Print Edition - 2015-06-06 | MONEY
Lumbini travel traders act to revive tourism
Jun 5, 2015-
Travel traders in Lumbini have started a promotional campaign to revive the region’s flagging tourism following the April 25 earthquake.
An 11-member team including journalists led by Chandra Prakash Shrestha, president of the Siddhartha Hotel Association of Nepal, departed for Bangkok, Thailand on Friday to whip up business under the slogan Visit Lumbini, Help Nepal.
The delegation is scheduled to hold a photo exhibition of Lumbini and various other Buddhist pilgrim sites on June 7.
“The objective of the trip is to promote Lumbini and Nepal’s other tourism sites in Bangkok,” said Chetan Panta, the coordinator of the promo tour.
“We will also be holding discussions and interactions with the media and tour operators in Thailand to convince them that Nepal is safe to visit.”
According to him, the Nepal Embassy in Thailand, Non-Resident Nepali Association and local tour operators will also be urged to promote Nepal at this time of crisis.
The earthquake has spread a negative message that Nepal is unsafe to visit, and the purpose of this trip is to assure potential Thai visitors that the country is secure, the Siddhartha Hotel Association of Nepal said.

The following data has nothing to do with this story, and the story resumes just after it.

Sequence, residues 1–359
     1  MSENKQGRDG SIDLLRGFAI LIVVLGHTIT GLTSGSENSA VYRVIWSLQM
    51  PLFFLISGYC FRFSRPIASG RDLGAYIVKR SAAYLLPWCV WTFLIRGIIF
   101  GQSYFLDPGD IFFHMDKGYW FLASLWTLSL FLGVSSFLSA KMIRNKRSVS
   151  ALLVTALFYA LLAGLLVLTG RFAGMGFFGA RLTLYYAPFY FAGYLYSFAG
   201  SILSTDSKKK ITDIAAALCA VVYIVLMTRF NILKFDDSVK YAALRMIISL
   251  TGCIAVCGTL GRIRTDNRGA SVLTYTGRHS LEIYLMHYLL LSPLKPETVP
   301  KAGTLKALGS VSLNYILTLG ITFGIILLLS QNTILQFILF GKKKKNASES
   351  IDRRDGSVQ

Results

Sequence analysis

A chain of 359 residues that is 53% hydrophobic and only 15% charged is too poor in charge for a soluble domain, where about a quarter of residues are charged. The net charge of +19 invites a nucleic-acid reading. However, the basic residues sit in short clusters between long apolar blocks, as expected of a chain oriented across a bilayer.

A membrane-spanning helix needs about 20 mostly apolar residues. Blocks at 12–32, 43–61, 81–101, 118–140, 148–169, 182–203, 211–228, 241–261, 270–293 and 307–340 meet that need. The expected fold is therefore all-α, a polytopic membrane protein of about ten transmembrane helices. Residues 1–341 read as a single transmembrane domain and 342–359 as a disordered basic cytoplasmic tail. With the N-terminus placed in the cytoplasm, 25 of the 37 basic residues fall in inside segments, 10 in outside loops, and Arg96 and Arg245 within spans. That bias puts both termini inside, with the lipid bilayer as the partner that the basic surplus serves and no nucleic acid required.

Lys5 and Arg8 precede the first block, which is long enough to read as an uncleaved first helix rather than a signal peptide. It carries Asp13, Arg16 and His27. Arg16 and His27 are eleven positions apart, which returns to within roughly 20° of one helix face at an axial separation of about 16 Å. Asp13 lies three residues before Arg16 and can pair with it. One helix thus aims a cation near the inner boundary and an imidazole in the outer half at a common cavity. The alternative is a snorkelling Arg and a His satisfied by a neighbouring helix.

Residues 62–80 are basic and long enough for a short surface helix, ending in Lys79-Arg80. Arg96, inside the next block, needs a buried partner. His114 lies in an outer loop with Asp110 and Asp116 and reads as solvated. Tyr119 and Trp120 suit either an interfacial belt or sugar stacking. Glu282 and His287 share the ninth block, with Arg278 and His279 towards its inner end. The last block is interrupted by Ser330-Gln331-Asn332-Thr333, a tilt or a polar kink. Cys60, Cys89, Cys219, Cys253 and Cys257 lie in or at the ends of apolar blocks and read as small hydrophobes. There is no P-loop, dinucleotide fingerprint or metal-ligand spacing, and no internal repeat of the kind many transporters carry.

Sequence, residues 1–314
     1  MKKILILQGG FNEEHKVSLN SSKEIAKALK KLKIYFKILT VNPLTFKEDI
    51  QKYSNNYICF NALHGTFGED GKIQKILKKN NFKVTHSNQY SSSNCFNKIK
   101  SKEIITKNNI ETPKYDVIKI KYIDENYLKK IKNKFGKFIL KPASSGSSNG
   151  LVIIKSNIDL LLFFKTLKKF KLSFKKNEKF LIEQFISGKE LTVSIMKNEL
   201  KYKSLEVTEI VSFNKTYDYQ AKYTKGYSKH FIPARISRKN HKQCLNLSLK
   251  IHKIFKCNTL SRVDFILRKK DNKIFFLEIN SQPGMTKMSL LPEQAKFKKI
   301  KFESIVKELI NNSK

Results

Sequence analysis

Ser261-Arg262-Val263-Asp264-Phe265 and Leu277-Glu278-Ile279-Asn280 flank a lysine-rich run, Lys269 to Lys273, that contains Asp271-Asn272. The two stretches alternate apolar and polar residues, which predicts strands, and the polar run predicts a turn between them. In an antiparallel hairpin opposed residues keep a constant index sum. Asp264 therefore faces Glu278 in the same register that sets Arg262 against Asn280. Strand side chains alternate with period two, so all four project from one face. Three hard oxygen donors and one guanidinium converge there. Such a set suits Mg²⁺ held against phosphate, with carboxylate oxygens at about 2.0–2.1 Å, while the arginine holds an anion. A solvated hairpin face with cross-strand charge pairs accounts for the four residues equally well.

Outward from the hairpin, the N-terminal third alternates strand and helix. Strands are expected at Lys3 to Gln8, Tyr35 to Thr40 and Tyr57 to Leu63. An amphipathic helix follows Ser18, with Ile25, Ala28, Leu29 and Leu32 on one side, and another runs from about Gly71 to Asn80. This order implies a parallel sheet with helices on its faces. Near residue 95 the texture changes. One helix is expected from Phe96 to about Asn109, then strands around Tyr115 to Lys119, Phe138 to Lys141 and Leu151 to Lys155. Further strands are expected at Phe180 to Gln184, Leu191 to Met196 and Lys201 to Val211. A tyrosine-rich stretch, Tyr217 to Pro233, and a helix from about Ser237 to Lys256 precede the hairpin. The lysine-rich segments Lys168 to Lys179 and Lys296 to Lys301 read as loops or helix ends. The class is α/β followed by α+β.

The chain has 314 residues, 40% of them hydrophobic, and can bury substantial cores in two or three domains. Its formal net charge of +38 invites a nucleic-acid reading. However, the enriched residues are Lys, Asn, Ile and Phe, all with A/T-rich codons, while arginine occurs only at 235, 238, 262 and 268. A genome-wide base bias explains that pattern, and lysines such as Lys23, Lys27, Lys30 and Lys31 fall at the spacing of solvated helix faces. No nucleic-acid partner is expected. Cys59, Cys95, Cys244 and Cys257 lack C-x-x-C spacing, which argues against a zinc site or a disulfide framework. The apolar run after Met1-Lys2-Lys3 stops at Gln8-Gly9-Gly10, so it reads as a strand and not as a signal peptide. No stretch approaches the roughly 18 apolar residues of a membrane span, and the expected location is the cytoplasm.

Tourism entrepreneurs are worried about the future scenario as hotels and restaurants in Nepal have almost emptied and advance bookings have sunk to near zero as potential visitors abandoned their plans scared by the scenes of destruction in the media.
Tourism entrepreneurs said that since the government was busy with relief and reconstruction, the private sector should carry out promotional activities in the international arena with its own resources.
Meanwhile, the Adventure Travel Trade Association, a global trade network supporting sustainable adventure travel markets worldwide through adventure travel news, research and events, said the earthquake had shaken the land of Nepal, but not the courage, strength and spirit of its people.
It said that despite the damage to historical and cultural monuments, Nepal was still able to welcome tourists with open arms. Roads and air transport links remain intact across the country, and a majority of hotels and restaurants are back in operation.
Apart from the regions of Manaslu and Langtang, most trekking areas have escaped widespread damage. Tourism is one of the mainstays of the Nepali economy, and Nepal will certainly need the income that tourism brings as it attempts to recover from this disaster, it said.
The association added that the majestic Himalaya mountains and lush countryside still await the more intrepid visitor, while the people of the region busily rebuild so they can welcome visitors with the friendliness and generosity that the Nepali people are famous for.
Travelling to these areas will help the local economy enormously, and will function as a primary source of ongoing sustainable aid.
“Have you ever travelled to Nepal? Start making plans! October and November are Nepal’s peak season for tourism, and are, of course, the best time of the year to come and visit,” it said.
Published: 06-06-2015 10:50